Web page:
A Day of many of Singapore’s Highlights – Day 38 – 25/Feb

Today we had planned to give Singapore a good spanking and see how many of its attractions we could work our way round in one day. First one being on our doorstep – Chinatown in daytime and a visit to (yet another?) Temple of the Tooth Relic and a museum about Chinatown – the latter of which was shut so not a very good start or so we thought.

The Temple of the Tooth Relic proved to be a very good find though as they were having a special ‘birthday’ service for ‘everyone’ in order to celebrate it being one week after Chinese New Year – Happy Birthday Everyone!


What are the words again? I told you ‘Happy Birthday Everyone, Happy ……..”

It was quite special and a lady explained it all to Liz who was quite taken aback by her kindness and the ceremony itself so had to fight back the tears whilst they all read books back to front and upside down as they do. The temple itself had far more gold and treasures than I like to see in a religious building but like all religions I suppose Buddhism suffers the lure of hard cash like all the rest. Another nice lady chatting to a Buddhist monk got Liz involved in the conversation and explained to her more about Buddhism which she has taken quite a shine to – not the only shine I believe is required if she goes the full hog and gives her bonce up for one of those close cut haircuts!

From the temple it was onwards to the Singapore Flyer the walk was long but quite good as we took in the river which had some nice statues decorating it giving us time for a bit of ad-lib posing – not sure if this is actually a contradiction of terms.


No Liz – don’t try to save those statues from jumping in the River


At the end of the river we saw the Merlion, an invention of the Singapore Tourist Board I think, but everyone was there taking photos of that and the marina behind. We soon reached the Flyer and like all of these things there was a lot of hype – it is the biggest in the world but the best thing about it for me was the lack of a queue and we were soon on it looking down at Singapore and all it has to offer. Liz was a bit more nervous than me but neither of us was helped by a little girl who seemed to be amusing herself by making my wife scream every time she bounced off one of the glass walls. From the vantage point we were directly above the Formula One grandstand but more amazing to me were the amount of container ships there were awaiting to get into Singapore – absolutely outstanding, as far as the eye could see boats upon boats all laden down with goods.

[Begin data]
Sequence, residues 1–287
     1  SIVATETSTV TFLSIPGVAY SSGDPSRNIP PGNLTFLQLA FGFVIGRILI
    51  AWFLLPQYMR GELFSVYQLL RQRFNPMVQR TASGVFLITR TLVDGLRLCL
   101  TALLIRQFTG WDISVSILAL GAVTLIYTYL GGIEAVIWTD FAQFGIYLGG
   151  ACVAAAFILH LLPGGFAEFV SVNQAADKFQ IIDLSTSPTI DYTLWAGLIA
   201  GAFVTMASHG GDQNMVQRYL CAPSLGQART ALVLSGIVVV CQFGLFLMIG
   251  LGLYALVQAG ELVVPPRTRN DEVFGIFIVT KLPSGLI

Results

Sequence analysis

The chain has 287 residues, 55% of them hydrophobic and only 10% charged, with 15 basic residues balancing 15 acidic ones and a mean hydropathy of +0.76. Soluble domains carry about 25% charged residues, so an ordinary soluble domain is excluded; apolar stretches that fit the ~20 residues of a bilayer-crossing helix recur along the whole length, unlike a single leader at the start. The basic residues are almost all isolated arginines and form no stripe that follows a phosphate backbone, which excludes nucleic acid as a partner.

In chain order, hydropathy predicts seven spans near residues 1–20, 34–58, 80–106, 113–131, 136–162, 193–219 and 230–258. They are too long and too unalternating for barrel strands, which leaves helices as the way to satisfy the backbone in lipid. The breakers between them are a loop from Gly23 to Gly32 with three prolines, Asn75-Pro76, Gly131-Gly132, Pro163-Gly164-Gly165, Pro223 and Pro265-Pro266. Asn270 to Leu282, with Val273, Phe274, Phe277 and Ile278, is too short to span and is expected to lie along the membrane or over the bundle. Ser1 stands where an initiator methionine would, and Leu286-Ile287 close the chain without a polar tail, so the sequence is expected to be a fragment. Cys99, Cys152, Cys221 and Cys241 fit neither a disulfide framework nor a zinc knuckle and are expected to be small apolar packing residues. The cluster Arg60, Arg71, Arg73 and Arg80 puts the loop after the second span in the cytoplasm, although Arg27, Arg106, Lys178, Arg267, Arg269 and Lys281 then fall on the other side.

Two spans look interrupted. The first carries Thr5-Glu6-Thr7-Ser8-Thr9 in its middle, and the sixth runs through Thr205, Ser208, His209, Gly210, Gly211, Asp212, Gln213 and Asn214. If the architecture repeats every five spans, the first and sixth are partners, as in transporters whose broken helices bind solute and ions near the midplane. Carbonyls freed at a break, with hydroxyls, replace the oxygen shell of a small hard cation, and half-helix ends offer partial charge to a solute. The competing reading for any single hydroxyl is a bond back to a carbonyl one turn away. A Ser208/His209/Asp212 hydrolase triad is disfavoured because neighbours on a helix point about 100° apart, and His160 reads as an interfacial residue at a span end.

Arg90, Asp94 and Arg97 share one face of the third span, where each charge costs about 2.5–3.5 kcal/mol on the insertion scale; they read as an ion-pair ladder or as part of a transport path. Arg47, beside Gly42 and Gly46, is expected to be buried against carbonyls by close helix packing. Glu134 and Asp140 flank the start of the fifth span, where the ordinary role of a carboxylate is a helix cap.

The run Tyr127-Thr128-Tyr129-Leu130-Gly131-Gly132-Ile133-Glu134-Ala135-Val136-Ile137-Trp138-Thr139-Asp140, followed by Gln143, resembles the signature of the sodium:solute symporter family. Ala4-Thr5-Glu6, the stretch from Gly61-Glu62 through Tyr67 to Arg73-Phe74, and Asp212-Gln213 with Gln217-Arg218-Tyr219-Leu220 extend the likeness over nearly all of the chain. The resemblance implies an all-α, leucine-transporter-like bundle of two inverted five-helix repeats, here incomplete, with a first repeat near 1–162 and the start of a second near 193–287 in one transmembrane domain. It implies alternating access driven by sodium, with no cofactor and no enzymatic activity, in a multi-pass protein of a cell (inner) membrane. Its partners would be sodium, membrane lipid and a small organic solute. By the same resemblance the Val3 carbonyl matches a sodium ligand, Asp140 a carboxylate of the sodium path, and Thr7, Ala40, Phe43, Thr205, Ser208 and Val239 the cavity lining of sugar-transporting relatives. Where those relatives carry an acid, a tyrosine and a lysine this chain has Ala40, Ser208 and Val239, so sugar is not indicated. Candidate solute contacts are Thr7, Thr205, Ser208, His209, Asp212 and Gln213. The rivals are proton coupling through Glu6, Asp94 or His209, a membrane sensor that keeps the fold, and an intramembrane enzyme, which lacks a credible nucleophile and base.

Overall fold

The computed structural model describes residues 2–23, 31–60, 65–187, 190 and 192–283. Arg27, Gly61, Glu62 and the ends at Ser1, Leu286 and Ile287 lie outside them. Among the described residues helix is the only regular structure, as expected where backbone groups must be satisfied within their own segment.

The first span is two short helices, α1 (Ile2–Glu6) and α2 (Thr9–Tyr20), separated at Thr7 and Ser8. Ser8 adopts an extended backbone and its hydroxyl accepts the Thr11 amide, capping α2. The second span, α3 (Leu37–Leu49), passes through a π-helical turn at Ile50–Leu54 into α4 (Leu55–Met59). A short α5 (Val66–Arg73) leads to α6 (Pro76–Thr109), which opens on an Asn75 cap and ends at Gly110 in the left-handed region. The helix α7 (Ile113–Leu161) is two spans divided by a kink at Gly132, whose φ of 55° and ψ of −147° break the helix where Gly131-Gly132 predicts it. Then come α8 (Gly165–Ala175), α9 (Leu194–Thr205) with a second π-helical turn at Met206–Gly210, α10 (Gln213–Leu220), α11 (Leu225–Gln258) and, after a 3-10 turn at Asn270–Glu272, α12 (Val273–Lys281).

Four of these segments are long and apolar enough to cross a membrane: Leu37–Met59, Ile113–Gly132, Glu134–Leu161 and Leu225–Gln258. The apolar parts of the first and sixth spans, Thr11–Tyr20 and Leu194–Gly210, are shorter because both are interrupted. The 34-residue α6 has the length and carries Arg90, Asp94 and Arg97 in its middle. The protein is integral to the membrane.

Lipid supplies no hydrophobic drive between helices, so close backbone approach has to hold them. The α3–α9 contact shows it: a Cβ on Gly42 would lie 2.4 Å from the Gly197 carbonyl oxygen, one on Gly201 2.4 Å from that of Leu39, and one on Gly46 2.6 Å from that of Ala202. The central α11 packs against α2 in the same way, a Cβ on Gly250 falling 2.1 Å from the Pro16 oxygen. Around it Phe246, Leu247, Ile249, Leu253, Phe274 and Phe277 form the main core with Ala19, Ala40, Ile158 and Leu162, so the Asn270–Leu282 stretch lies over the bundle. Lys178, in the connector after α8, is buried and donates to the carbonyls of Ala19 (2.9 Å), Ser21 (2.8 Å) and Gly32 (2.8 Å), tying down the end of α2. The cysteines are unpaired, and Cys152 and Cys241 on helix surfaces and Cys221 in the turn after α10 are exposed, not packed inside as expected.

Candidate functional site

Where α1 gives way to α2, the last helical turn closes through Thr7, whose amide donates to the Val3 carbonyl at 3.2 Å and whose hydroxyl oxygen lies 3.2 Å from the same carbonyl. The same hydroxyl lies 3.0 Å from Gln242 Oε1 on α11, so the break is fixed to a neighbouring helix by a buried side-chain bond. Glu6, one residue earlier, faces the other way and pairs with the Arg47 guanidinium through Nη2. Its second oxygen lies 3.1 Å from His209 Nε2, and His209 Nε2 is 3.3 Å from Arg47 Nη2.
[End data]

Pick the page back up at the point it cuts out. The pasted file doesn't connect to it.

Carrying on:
Singapore – Gardens by the Bay with awaiting boats behind!


This was a great place to take in the city’s architecture – I have been to a few cities and for me this is the actual first that seems to give you an insight of what cities in the future should all aspire to – if you get the chance get there, but no messing it up now!

After all this excitement we decided it was time to eat and we were treated to some very good and cheap food in the food court under the flyer – well done Singapore.

One of the many things we had spotted whilst being up in the air was the Gardens by the Bay and I had this down as a ‘thing to do’ – the Skywalk was high so it must be good and the walk was short so it must be cheap also the gardens looked very good themselves, a brilliant combination so off we went. The Gardens were well manicured and we spent a fair bit of time having a look around before heading for the lifts and going up to the Skywalk. The Skywalk was not to Liz’s liking either being so high and the walkways being a tad see-through but it was a short jaunt so not too long before we were heading back on the lift down an all round good experience.


My Chicky – glad to be back on Terra Firma


Next a cultural diversion was the order of the day and a visit to Singapore’s National Museum. To be fair the whole thing was not too bad but the thing which got me and Liz gripped – for some unknown reason – was an old 1930’s film about Singapore showing all aspects of life and it was really interesting. Someone had simply taken a movie camera onto the street and filmed people going about their daily lives – the rich and the poor – no mean feet in those days.

For our last jaunt and last meal of the day we had decided to listen to the Lonely Planet’s advice for an eatery and try a restaurant in Little India that the LP said cooked the best Mutton Biriyani in town. When we got there, just our luck the Mutton Biryani was finished for the day – bloody Lonely Planet, so we decided to try its neighbour on the three item menu, the Chicken Biryani. This turned out to be a real delight and it was very cheap too so we ended the day with a win win situation before turning our direction homewards back to Chinatown.

Our room at the digs was a bit novel in itself in that the room space was under the bed which was set above – all very space-age but a very nice bed!


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